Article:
Diversity and Inclusion and Getting Assaulted in Target: Has the Pendulum Swung Too Far the Other Way?
I was shopping with my wife at a Target store in Brooklyn, NY yesterday on Flatbush Ave. As we were headed out, my wife went to the checkout line to pay and I headed to the restroom. We were perhaps 25 feet from security at the front of the store. A women with a shopping cart at an angle going the “wrong way” blocked my natural path so I went in the opposite lane of shopper traffic. I attempted to pass two African American men in the other “lane” by going all the way to the outside. I don’t believe I was going fast and believe there was a fair amount for room for everyone to fit-but as I passed them, one of the men quickly raised one of his elbows like a weapon and thrust it quickly and forcefully into my nose, breaking it in two places. The assailant yelled something at me, but I was so dazed and my glasses were askew and there was blood in my mouth that I couldn’t hear what he said.
I headed to security at the front of the store by the escalator to report the incident and my assailant turned the other way and went shopping in the store. I reported the incident to security (African American) as to what had happened and that my assailant was still in the store and what he looked like. There were several other Target employees who appeared (all African American). They told me they couldn’t do anything and that I should call 911, which I did as my nose bled heavily. They looked disinterested at best. They didn’t ask me to identify my assailant who was still in store or what happened and whether there was any altercation or any who/what/where/why about the incident.
While I was with security, I saw the other man that was with my assailant and he stopped briefly to talk with us. He knew the assailant. At this point, my wife was with me as were several other women from the community. We tried to get security to stop and question the other man-but they wouldn’t do it. Finally, the assailant himself appeared again as he was walking out of the store. I pointed him out to security, but they just ignored me. They said that this was solely a police issue and that they wouldn’t get involved. The police showed up and took a statement, they checked the security footage and verified it was an assault and then they left. I don’t believe they even questioned Target security. Unfortunately, I should have been even more vocal and made a scene-but I was dazed with a broken nose and wasn’t feeling well. I blacked out not long after the paramedics arrived.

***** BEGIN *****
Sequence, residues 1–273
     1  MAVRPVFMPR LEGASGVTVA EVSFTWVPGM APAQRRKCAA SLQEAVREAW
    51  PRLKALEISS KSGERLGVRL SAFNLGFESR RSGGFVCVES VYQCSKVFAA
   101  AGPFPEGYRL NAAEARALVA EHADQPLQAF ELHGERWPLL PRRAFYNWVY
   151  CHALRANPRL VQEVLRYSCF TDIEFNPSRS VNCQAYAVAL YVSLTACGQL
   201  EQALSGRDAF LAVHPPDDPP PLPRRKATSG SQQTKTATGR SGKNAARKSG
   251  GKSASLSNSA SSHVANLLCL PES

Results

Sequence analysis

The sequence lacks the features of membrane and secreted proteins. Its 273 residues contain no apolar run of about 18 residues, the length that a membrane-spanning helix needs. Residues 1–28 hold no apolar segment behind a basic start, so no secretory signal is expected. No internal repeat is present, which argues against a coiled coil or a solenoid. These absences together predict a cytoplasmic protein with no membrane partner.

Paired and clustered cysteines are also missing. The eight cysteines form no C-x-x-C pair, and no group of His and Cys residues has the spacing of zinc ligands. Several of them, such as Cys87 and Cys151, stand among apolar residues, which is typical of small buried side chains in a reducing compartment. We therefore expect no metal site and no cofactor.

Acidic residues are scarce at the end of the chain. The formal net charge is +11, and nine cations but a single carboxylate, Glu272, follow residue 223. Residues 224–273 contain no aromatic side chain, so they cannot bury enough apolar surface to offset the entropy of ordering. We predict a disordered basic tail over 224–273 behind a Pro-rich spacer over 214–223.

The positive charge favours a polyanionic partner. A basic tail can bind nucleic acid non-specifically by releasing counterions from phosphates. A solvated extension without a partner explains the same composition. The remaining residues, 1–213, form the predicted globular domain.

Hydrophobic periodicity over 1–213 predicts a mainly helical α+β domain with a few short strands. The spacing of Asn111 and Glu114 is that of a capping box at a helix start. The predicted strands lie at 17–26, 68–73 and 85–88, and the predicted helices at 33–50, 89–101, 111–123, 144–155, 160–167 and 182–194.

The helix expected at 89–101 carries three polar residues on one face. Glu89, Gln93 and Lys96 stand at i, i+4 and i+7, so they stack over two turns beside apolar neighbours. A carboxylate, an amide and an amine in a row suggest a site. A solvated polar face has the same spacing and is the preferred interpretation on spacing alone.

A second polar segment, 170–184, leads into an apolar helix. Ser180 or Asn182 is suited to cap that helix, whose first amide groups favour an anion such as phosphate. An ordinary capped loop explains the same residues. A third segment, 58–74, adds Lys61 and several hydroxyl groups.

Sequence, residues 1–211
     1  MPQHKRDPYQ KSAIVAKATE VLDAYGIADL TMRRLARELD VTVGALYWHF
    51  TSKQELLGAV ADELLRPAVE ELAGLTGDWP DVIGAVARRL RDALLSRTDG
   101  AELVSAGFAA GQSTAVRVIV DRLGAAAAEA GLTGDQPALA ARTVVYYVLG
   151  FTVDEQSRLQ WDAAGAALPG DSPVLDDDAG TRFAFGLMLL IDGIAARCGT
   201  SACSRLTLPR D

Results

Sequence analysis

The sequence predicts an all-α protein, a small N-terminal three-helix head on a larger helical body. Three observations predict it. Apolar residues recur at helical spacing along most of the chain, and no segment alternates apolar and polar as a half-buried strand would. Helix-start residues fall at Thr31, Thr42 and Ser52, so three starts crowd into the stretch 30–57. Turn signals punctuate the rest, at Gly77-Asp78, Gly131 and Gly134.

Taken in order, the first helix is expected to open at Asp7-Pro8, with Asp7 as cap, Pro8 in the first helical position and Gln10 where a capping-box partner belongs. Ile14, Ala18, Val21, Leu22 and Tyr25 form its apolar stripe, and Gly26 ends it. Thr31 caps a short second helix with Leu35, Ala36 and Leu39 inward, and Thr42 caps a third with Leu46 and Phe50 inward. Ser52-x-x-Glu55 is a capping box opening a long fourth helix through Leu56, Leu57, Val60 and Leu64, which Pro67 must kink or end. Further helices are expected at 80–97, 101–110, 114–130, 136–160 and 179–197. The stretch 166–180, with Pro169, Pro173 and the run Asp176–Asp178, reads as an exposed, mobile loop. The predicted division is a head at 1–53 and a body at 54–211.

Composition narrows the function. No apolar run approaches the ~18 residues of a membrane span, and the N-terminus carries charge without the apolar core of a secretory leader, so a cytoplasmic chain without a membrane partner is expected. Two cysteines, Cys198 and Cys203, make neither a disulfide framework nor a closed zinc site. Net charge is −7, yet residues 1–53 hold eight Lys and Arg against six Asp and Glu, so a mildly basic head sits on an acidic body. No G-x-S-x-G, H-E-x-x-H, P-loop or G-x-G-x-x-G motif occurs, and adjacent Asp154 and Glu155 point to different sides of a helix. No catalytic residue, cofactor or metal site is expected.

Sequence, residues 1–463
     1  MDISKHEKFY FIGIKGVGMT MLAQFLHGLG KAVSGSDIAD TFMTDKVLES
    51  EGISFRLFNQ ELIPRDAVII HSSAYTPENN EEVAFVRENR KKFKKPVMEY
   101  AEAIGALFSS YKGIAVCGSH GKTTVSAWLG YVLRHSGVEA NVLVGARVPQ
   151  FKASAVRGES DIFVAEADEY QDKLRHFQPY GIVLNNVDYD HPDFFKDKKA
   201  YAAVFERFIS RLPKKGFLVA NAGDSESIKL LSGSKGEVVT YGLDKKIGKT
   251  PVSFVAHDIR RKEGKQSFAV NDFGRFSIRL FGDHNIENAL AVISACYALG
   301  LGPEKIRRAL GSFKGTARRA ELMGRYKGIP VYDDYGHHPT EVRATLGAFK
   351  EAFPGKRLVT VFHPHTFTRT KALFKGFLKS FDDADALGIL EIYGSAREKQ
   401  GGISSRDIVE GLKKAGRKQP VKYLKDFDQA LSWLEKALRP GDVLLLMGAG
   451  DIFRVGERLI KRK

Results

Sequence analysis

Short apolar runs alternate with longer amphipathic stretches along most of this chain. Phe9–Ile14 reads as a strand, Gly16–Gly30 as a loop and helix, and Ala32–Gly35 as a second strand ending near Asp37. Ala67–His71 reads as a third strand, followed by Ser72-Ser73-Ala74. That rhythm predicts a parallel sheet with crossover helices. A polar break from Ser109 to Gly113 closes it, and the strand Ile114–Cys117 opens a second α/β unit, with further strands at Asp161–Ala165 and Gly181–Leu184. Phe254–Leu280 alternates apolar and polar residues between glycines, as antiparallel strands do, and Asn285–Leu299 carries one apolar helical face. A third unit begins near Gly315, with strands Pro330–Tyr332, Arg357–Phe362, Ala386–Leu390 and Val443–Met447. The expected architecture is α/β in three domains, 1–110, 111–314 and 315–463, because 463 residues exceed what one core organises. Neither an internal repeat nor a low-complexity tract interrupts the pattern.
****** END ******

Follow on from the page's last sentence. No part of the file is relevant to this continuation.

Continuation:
My experience raise several troubling questions in light of race issues, security and law enforcement in this country and whether in light of sensitivity over race, we have allowed the pendulum to swing too far the other way in that the law isn’t enforced against certain portions of the population in name of race equality. Potential lawbreakers in these demographic know this. Additionally, this only reinforces stereotypes and biases, which helps none of us.
Target isn’t obligated to have security, but they do. Would they have treated the assailant differently and tried to apprehend him if he stole a plasma TV? Or would they have asked someone else to call 911?
I am a white male. The store security personnel were all African American and the assailant was African American. Would the response have been different if the assailant was a large white man and victim an older African American grandmother? Is Target security trained? If so, were they incompetent or was their indifference and apathy towards the incident by design? Target corporate literature makes it very clear that they take diversity seriously and have corporate goals to hire people of color. However, did this diversity and inclusion backfire in the worst way if their security selectively decides when to make an issue of something and when not to and was their lack of response race related? Target employees didn’t elbow me in the face, but the logical conclusion of their response towards the matter suggests that lawbreakers of certain demographics feel emboldened to commit crimes in Target stores because they know they will get a free pass.
Anonymous (For Privacy and Safety Reasons)
NOTE: The views expressed here are those of the authors and do not necessarily represent or reflect the views of YWN.
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